A litmus test of the power of the marketing manager in the '90s begins in March as ex-British Airways marketing director Liam Strong slides into the chief executive's seat at retailer Sears plc. Strong, who earned a name for reviving sluggish businesses at Proctor and Gamble and Reckitt and Coleman, is the type to step up the cautious cost-cutting under way at Sears. But more importantly, his love for launching new products and ideas (it was he who gave away a free day's air travel at BA) is expected to pump life into ailing arms like British Shoe Corp. Strong is apparently an enthusiast for Europe, and after the success of a Benelux and German-based retail joint venture with the French Groupe Andre, it would be no surprise to see him make fresh efforts there. The remnant US interest Miss Erika is rumoured to go, while the shuffling menswear and shoe divisions could see their merchandise overhauled as Strong puts his nous for "what the public wants" to work. As UBS Philips and Drew analyst John Smith points out, these latter divisions, plus homebuilding,have shrunk from providing £140 million of Sears' £240 operating profit in 1988-89 to an expected £5 million this year. Can marketing make the difference? The answer to that question lies with Liam Strong.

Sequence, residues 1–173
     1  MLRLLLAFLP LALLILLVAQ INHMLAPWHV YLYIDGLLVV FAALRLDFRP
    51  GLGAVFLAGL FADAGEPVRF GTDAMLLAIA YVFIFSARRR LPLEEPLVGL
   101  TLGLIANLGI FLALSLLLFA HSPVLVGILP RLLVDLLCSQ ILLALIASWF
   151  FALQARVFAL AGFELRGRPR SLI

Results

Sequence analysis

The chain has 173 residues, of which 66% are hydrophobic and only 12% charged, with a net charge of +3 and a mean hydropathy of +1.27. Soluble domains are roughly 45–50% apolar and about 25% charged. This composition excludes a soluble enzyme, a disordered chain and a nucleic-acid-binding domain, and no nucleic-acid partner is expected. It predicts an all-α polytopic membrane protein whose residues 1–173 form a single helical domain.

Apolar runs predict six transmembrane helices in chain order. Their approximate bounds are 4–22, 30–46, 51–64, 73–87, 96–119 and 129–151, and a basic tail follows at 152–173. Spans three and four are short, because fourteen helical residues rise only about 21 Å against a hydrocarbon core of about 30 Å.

You spend enough time doing it, but have you ever thought about how you do...
How to make sure top talent swipes right on your business.
Case study: Rentokil’s smart mouse traps use real-time surveillance, transforming the company’s service offer.
But too often businesses stigmatise it.
"It's more important to make the decision right than make the right decision."